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  1. #1

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    How to clean lens element with unknown smudge

    Hi:
    This is my first post to the forum. I'd like to ask for your expert knowledge and experience on how to perform lens element cleaning.
    For your knowledge I'm not a camera technician and have never received any form of training on lens repair/cleaning. I'm only an amateur shooter for 15+ years so I know how to clean the first and last element, outer surface only
    My friend passed me a Ricoh 50 f/1.7 lens, rated at most 3 for the optics. Very dirty, with fungus. Mechanically it's still ok with the focusing ring smooth and aperture ring working. I decided to clean it. Upon closer inspection, I found that I can unscrew the rear optical group with 2 or 3 elements from the lens barrel, so that gave me access to 2 more lens surfaces. I thought since it's a 50, so it's suppose to be simple in design and open up the front ring by unscrewing 3 tiny screws. Then there's the tightening ring on the 1st element. I use a long nose plyer to loosen it and the 1st element came out, followed by the 2nd element. I thought voila, that's not as difficult as I'd imagine . The 3rd element is still in the barrel, but it's reachable from the front and back of the lens. I cleaned all surfaces with Kodak lens cleaner and tissue. I can easily wipe of the fungus and dirt. All internal elements looked clean with no stain remain. However, to my surprise, the exterior surface of the front and last elements are the worst. I can clearly see the front element covered by a layer of smudge ( out of word to describe, not dirt, not fungus, not oil, not moisture) When seeing directly at the surface, there's nothing wrong and the coating looks ok with purple and orange colour. When see through the lens from the rear, that's where the layer of smudge can be seen very clearly. My questions are:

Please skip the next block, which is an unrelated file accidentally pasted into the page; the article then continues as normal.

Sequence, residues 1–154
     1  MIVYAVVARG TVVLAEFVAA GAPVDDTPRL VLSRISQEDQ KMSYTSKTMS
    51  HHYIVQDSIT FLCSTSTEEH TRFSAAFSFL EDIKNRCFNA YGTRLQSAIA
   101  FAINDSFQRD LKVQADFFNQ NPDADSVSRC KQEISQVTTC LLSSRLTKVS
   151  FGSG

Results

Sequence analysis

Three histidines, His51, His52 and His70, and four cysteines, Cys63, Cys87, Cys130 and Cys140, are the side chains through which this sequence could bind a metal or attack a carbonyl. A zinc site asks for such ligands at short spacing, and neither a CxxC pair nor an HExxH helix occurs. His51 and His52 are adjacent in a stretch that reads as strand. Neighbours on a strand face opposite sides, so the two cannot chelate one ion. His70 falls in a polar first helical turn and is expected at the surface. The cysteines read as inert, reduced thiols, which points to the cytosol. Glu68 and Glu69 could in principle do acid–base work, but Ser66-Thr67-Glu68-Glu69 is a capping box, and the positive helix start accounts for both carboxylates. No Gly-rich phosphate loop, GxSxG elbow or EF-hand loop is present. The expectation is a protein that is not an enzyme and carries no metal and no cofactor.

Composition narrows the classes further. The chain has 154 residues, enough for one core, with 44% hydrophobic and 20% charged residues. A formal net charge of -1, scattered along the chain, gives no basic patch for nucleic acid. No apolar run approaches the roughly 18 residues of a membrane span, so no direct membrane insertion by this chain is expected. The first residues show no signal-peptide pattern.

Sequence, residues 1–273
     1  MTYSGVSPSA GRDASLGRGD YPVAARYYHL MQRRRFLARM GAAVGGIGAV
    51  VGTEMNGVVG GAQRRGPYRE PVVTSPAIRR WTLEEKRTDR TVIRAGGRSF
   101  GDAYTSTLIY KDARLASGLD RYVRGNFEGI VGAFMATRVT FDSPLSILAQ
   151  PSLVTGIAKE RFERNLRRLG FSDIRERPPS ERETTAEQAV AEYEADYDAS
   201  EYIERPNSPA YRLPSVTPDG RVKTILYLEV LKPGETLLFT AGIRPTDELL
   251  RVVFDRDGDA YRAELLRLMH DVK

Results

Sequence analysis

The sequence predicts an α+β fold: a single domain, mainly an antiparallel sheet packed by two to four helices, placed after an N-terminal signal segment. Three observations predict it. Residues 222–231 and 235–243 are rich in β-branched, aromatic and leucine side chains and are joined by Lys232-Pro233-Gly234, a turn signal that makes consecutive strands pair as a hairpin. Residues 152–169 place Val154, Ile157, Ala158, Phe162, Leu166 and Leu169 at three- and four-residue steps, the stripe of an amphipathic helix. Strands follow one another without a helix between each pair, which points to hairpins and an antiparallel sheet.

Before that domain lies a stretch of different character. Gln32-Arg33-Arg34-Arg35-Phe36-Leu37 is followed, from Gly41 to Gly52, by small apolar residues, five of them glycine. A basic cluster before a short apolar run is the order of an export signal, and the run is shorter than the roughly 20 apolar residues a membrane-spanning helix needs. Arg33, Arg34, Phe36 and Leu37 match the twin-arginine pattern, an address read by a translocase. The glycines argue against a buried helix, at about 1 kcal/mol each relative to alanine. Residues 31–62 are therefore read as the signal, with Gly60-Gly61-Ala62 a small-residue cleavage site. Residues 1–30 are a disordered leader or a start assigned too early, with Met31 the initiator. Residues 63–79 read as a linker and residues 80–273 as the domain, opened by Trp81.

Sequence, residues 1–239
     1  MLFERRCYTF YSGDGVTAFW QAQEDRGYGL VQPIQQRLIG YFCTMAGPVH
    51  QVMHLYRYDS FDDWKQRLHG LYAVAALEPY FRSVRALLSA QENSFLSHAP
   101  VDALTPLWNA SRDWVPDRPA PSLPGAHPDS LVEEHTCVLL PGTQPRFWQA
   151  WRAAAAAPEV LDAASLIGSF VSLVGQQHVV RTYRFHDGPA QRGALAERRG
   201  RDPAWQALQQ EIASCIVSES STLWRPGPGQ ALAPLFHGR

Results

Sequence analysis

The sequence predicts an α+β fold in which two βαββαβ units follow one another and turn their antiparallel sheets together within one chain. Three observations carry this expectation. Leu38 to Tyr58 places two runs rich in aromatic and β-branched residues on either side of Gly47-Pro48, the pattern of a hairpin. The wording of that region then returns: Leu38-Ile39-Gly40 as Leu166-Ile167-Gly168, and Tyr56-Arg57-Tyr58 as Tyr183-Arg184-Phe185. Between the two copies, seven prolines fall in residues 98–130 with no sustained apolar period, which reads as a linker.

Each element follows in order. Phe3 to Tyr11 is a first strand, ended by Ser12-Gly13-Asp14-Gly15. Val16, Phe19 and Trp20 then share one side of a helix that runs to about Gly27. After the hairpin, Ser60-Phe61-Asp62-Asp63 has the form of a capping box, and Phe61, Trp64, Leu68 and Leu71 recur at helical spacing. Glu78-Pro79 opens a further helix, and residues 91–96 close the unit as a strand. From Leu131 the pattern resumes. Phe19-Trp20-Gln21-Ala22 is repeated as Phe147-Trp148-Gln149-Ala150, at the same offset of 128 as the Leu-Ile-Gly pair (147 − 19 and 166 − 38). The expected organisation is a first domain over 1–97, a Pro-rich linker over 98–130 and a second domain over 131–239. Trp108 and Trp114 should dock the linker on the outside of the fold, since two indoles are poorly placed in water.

a. Is it due to the cleaning, ie the lens cleaner + fungus + dust mix?

    b. Has there been anyone facing the same problem?

    c. Or is the element just kaput?